Wednesday, April 2, 2008

Odds n’ Ends (2)

Here are some news reports that caught my attention:


  1. Human-Cow Hybrid Embryo Created. UK's first human-animal hybrid embryos were created. The BBC reported that the Newcastle cybrids lived for three days, and that the largest grew to contain 32 cells, not quite large to be useful for scientific research. The ultimate aim is to grow these for six days, and then to extract embryonic stem cells for use in research. (from Times Online) Under the microscope the round bundles of cells look like any other three-day-old embryos. In fact they are hybrids - part-human, part-animal. They were created by injecting DNA derived from human skin cells into cow eggs taken from its ovaries which have had virtually all their genetic material removed. So what possible justification can scientists offer for doing what the Catholic Church has branded "experiments of Frankenstein proportion"? The Newcastle team said they are using cow ovaries because human eggs from donors are a precious resource and in short supply. The hybrid embryos are purely for research and would never be allowed to develop beyond 14 days when they are still smaller than a pinhead.


  1. Paranoia Exists in One –Third of All People. Exaggerated fears of others afflict as many as one in three people, scientists claim. Wearing headsets to be immersed in the virtual environment, 200 volunteers chosen to be broadly representative of the general population walked around a virtual London underground car in a four-minute trip between station stops.

    The carriage contained what the researchers said were neutral computer people, called avatars, that breathed, looked around, and sometimes met the gaze of the participants. One avatar read a newspaper; another would occasionally smile if looked at. A soundtrack of a train carriage was played.

    Freeman and colleagues found that the participants interpreted the same computer characters very differently. The most common reaction was to find the virtual reality characters friendly or neutral, but almost 40 percent of the participants experienced at least one paranoid thought, said Freeman.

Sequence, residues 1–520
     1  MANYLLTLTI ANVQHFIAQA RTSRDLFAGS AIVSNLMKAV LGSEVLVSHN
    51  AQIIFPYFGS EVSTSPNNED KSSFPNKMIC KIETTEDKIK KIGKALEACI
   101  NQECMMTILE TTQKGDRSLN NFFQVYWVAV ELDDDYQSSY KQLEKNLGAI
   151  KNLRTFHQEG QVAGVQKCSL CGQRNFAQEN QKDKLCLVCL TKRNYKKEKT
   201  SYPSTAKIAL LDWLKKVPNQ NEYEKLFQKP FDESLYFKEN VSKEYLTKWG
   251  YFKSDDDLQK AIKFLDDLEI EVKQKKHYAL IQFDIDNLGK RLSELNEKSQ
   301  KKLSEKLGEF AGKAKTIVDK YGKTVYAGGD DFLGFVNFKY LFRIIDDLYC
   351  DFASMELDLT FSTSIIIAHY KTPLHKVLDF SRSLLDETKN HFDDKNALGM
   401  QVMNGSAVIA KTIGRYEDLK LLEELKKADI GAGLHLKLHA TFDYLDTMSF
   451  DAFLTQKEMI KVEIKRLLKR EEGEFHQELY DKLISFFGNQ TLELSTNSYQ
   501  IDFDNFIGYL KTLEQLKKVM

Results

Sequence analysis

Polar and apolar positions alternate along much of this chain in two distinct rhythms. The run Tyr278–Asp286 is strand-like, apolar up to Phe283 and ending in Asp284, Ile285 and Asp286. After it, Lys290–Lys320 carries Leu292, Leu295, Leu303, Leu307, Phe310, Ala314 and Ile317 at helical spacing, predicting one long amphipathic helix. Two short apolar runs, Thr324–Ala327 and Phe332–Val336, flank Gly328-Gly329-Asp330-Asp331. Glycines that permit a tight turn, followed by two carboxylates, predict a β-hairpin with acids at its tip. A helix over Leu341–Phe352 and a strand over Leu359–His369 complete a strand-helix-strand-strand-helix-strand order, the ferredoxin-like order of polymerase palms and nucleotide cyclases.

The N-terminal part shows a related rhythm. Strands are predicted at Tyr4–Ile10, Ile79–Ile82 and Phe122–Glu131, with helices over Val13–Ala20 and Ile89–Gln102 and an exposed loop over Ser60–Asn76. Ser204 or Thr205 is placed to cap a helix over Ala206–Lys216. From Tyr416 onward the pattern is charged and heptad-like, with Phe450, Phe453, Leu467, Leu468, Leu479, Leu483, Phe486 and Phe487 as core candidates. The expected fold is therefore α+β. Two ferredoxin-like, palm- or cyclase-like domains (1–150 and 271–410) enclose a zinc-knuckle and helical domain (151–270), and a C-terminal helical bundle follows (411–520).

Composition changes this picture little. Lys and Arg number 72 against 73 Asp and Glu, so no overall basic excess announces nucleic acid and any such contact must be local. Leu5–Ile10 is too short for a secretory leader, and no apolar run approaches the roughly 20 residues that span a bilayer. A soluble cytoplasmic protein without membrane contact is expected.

2. DNA Damage Plays a "Direct Role" in the Process of Aging. The Oxford Journals published a study concluding that the data presented here demonstrate for the first time that longevity correlates with DNA repair capacity in C. elegans (C. elegans are a simple multi-cellular organism that has a nucleus, and it was the first organism to have its genome mapped out). Decline in DNA repair capacity or defects
    in repair factors are thought to contribute to premature aging
    in mammals. The results in this study strongly support the hypothesis that DNA damage plays a direct role in the process of aging. However, additional studies are needed to determine the exact relationship between specific factors that influence life span, stress resistance and DNA repair capacity in C. elegans.


    The unanswered question from this report is how do we help our DNA repair capacity? Does diet and exercise play any role in the repair of DNA? Does beer drinking help J ? Keep your eye out for more stories on this topic.


Anonymous said...

Hey Tom,
Thanks for posting the news reports. I think the question of immortality (or at least longer life) intrigues a lot of people. It's interesting to hear that DNA repair mechanisms are being implicated in aging. It makes sense to me because cancer cells are so long lived and have figured out how to improve their DNA repair mechanisms. Maybe once we figure out how to make ourselves live longer we can make cancer cells live shorter!

tom wolff said...

Thanks Allie for your comment. It looks like you are in a very exciting field.

You have an intriguing idea - how is cancer able to be so long lived through its repair mechanisms? And is there a way our DNA can use cancer's DNA repair mechanism to make our own DNA repair better so that people can live longer lives? Wow! Is it just crazy enough of an idea to work?